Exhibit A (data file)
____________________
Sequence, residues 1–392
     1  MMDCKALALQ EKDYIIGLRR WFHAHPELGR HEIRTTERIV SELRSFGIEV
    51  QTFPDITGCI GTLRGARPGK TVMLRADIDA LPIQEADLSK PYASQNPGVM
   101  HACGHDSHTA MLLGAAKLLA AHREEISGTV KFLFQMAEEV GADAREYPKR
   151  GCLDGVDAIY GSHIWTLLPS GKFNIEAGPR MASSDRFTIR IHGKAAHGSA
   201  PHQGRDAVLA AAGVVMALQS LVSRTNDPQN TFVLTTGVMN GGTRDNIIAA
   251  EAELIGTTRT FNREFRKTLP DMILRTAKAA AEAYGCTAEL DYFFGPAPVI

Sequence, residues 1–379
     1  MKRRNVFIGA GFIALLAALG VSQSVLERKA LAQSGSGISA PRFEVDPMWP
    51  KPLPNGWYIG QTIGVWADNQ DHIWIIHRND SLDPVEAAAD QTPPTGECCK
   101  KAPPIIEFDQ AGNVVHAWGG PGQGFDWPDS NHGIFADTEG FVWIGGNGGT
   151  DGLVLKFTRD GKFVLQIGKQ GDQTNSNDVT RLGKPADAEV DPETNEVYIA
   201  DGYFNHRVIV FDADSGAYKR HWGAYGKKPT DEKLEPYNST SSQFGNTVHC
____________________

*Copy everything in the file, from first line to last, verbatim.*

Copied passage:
Sequence, residues 1–392
     1  MMDCKALALQ EKDYIIGLRR WFHAHPELGR HEIRTTERIV SELRSFGIEV
    51  QTFPDITGCI GTLRGARPGK TVMLRADIDA LPIQEADLSK PYASQNPGVM
   101  HACGHDSHTA MLLGAAKLLA AHREEISGTV KFLFQMAEEV GADAREYPKR
   151  GCLDGVDAIY GSHIWTLLPS GKFNIEAGPR MASSDRFTIR IHGKAAHGSA
   201  PHQGRDAVLA AAGVVMALQS LVSRTNDPQN TFVLTTGVMN GGTRDNIIAA
   251  EAELIGTTRT FNREFRKTLP DMILRTAKAA AEAYGCTAEL DYFFGPAPVI

Sequence, residues 1–379
     1  MKRRNVFIGA GFIALLAALG VSQSVLERKA LAQSGSGISA PRFEVDPMWP
    51  KPLPNGWYIG QTIGVWADNQ DHIWIIHRND SLDPVEAAAD QTPPTGECCK
   101  KAPPIIEFDQ AGNVVHAWGG PGQGFDWPDS NHGIFADTEG FVWIGGNGGT
   151  DGLVLKFTRD GKFVLQIGKQ GDQTNSNDVT RLGKPADAEV DPETNEVYIA
   201  DGYFNHRVIV FDADSGAYKR HWGAYGKKPT DEKLEPYNST SSQFGNTVHC